Langara’s hosting of a controversial film festival last week has served to promote our college as a destination for artistic and political debate.
The decision of the organizers of the Just Film Festival to screen four films related to the Israel-Palestine conflict has been met with controversy, but maybe that isn’t such a bad thing for our college.
Films portraying Israel in a negative light
The Langara Jewish Student Association has claimed that three of the four films portray Israel in a negative and biased light. The festival’s website claims the event is “B.C.’s largest social justice film festival,” and the Langara logo is prominently displayed on the front page of the festival website.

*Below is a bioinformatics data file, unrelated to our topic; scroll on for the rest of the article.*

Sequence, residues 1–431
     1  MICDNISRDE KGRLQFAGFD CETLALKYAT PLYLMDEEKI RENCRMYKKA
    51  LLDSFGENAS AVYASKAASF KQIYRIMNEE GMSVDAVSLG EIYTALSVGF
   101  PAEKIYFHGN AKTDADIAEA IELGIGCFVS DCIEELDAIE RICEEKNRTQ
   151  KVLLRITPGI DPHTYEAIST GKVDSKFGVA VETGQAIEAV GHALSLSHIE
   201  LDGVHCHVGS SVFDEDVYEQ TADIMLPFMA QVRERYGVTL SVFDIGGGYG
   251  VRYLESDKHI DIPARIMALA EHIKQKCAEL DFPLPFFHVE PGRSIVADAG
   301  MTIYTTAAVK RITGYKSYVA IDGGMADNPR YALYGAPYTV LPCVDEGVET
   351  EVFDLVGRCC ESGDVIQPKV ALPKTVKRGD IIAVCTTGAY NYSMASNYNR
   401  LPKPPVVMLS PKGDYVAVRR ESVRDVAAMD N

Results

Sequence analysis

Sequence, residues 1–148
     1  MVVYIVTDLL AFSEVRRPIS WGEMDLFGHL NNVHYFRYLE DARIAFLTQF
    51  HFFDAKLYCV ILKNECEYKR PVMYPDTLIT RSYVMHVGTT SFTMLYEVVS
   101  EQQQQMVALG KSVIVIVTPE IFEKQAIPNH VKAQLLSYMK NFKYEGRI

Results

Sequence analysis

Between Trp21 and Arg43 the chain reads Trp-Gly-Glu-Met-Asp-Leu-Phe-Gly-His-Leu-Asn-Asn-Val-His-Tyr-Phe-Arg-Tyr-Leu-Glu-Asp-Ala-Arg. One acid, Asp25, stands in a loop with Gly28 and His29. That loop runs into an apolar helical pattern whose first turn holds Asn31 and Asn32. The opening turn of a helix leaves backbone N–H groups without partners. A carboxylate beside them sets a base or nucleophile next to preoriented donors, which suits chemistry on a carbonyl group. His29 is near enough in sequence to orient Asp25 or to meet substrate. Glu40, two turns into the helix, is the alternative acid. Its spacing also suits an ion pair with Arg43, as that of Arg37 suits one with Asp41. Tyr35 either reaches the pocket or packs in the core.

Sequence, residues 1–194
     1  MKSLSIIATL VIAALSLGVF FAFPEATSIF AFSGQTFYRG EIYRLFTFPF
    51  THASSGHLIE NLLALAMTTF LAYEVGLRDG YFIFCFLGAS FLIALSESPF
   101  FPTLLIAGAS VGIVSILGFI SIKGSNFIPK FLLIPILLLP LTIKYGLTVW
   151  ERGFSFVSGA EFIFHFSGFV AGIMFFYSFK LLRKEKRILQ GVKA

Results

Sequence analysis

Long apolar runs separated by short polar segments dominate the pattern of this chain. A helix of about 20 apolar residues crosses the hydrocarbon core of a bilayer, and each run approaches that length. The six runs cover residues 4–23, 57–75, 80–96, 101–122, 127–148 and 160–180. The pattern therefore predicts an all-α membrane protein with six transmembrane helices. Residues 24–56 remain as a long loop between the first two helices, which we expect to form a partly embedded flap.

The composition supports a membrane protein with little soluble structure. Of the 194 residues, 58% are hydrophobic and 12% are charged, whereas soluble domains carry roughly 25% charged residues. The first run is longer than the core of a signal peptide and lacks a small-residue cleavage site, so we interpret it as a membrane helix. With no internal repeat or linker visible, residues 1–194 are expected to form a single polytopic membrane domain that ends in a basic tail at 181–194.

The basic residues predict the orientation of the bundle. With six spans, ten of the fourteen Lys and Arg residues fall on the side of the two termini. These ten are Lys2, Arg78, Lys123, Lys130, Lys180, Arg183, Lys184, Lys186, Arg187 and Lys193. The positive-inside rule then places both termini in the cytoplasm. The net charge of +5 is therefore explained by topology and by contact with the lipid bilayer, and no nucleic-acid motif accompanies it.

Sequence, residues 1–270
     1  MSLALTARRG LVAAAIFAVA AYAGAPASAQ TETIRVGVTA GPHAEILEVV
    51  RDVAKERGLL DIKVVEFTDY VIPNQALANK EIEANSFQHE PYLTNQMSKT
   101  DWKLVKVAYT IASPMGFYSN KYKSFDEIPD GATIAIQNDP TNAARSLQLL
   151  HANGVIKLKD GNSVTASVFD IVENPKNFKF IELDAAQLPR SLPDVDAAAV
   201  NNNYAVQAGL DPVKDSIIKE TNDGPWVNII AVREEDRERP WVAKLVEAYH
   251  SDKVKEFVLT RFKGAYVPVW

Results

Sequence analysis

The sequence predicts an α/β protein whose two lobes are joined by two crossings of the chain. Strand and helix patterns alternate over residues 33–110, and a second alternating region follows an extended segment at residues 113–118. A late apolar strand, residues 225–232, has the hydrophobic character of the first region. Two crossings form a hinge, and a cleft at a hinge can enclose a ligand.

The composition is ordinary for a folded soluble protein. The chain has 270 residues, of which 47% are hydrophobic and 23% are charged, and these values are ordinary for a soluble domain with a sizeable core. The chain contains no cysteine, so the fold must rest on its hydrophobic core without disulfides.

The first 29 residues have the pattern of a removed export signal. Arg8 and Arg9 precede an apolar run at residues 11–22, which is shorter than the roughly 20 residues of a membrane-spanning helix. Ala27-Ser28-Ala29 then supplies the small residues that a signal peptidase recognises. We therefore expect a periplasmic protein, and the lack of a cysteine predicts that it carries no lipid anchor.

Langara’s campus is not necessarily known as a centre for debate on the world’s hot global issues, but it should be. College and university campuses have always been environments that are conducive to the sharing of ideas. A little bit of controversy is a natural consequence of this.
Is Langara responsible?
Langara cannot be held responsible for the views of the individual artists whose films are being screened. These filmmakers have a right to express themselves and their views.
If Langara becomes known as an environment that is home to spirited and balanced debate, its esteem will grow in the eyes of Vancouver’s artistic community, and this is good for the college’s reputation.
The festival, and its surrounding controversy, is a boost to Langara’s profile. We should welcome it and hope that our campus plays host to more events like this that put our college on people’s radars.
Reported by Jeremy Matthews